Skip to Accessibility Tools Skip to Content Skip to Footer

Silent Migraine

Although silent migraine is not recognized as a type of migraine by the International Headache Society, many patients are often told they are suffering from silent, or acephalgic, migraine. The terms silent migraine and acephalgic migraine are actually referring to an individual phase of a migraine attack.

Silent migraine is not a separate type of migraine. The terms “silent” and “acephalgic” are descriptive terms, not diagnostic, used to describe a migraine attack without the headache phase of the attack – a migraine with no headache.

What are silent migraines?

The typical phases of a migraine attack may include:

  1. Prodrome
  2. Aura
  3. Headache
  4. Postdrome

People typically associate migraines with the third phase of head pain. However, some migraine sufferers experience a type of migraine that has many migraine symptoms, yet the head pain is absent. The terms silent migraine and acephalgic migraine refer to a migraine attack which skips the third phase of headache.

Migraine sufferers may experience only silent migraine attacks, while others may have some migraine attacks with head pain and others without. Although silent migraines may occur at any age and in those who never experienced migraines before, most often silent migraines pop up in people who suffered from migraines with aura when they were younger.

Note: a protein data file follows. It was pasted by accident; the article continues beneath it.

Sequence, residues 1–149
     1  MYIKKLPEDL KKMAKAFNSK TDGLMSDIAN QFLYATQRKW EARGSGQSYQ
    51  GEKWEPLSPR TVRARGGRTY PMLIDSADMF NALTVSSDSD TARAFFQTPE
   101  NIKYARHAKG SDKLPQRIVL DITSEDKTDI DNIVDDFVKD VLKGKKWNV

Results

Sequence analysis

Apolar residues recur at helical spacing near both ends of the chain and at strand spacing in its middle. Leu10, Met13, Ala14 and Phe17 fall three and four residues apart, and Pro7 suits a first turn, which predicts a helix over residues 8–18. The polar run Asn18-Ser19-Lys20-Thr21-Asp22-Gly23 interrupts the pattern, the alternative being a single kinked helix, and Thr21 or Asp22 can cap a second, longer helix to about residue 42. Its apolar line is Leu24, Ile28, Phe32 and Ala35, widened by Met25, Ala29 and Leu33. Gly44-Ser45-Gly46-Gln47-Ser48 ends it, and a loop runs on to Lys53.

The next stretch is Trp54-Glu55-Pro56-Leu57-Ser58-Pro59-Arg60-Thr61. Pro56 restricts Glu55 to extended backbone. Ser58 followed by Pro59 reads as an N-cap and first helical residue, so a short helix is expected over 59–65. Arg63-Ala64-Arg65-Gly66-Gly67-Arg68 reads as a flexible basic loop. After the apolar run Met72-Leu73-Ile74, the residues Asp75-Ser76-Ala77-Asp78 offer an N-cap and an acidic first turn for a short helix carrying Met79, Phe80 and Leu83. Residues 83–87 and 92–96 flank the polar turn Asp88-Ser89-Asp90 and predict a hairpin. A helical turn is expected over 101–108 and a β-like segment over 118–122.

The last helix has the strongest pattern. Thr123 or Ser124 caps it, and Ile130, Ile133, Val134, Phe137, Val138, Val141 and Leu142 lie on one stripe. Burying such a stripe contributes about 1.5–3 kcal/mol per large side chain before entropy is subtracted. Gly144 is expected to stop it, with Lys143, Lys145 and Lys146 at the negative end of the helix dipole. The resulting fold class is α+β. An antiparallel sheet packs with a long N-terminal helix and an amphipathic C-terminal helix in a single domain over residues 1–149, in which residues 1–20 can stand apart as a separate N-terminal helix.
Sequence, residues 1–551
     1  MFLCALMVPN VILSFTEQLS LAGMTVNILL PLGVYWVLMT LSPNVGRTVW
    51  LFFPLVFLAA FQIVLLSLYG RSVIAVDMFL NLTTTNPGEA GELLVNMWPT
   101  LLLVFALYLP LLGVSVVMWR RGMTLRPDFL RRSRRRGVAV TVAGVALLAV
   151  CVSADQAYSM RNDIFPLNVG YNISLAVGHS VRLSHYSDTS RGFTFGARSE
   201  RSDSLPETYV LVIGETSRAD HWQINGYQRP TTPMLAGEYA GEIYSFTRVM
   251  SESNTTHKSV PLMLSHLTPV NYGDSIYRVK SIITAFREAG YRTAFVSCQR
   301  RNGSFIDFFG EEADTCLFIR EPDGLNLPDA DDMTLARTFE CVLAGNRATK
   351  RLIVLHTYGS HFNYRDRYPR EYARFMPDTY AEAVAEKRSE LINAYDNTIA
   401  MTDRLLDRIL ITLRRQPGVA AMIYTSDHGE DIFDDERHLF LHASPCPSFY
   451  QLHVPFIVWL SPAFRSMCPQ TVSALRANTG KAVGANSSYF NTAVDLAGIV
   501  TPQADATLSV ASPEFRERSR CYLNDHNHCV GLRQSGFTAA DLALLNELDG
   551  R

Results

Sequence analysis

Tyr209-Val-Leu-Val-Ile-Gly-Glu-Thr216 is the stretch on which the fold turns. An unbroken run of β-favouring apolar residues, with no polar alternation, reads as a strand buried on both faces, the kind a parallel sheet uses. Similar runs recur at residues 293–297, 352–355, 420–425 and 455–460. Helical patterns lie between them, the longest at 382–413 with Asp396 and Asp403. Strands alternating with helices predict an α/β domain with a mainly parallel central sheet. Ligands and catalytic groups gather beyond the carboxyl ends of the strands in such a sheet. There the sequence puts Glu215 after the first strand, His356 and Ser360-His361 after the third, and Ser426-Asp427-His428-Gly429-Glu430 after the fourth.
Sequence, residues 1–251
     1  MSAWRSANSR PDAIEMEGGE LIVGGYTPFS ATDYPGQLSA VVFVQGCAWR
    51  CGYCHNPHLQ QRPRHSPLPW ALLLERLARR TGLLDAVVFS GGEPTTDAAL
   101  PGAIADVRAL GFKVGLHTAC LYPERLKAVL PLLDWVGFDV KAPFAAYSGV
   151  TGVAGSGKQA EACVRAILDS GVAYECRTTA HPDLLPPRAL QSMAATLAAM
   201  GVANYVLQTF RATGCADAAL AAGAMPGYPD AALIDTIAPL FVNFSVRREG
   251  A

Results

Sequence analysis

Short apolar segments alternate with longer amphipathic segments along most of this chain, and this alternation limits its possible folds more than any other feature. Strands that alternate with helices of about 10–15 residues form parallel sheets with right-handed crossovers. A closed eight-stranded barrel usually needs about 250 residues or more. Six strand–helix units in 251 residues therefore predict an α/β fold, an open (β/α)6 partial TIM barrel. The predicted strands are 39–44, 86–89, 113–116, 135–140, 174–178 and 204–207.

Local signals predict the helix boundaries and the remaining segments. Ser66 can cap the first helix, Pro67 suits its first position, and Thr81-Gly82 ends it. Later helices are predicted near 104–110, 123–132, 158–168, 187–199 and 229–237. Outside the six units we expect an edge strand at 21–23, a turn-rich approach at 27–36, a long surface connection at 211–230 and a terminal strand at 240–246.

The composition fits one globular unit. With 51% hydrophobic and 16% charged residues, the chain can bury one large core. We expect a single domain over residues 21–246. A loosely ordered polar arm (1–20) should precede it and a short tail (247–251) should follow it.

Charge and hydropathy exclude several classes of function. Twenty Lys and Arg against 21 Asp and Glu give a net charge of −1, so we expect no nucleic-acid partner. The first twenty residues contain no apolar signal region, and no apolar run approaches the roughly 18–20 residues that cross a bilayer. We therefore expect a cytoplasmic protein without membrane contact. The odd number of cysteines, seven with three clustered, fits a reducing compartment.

Other names for silent migraine

People may use many different terms to refer to a migraine attack without headache.

  • Acephalgic migraine
  • Amigranous migraine
  • Migraine aura without headache
  • Migraine equivalent

Types of silent migraine

Silent migraine attacks may be occur in people who experience any of the migraine types recognized by the International Headache Society, including:

Silent migraine symptoms

People experiencing silent migraine may experience all the symptoms of a migraine attack without the head pain. Some of these symptoms include:

Because many of the symptoms of silent migraines are the same as the symptoms for stroke or a transient ischemic attack (TIA), sometimes called a mini-stroke, it is very important to see a medical professional immediately to diagnose the cause of the symptoms. Ruling out stroke and other more serious disorders is crucial since the typical migraine head pain is not present.

How to get rid of silent migraines

Your doctor will recommend appropriate treatment based on the type of migraine and symptoms you experience. If you frequently experience migraine without headache, migraine treatments still may help relieve other symptoms of your migraine attacks.


Written by: Otesa Miles | Last reviewed: August 2014
  1. The International Classification of Headache Disorders 2nd Edition Cephalalgia 2004.
  2. Headache Classification Committee of the International Headache Society (IHS). The International Classification of Headache Disorders, 3rd edition (beta version). Cephalalgia. 2013;33(9):629-808.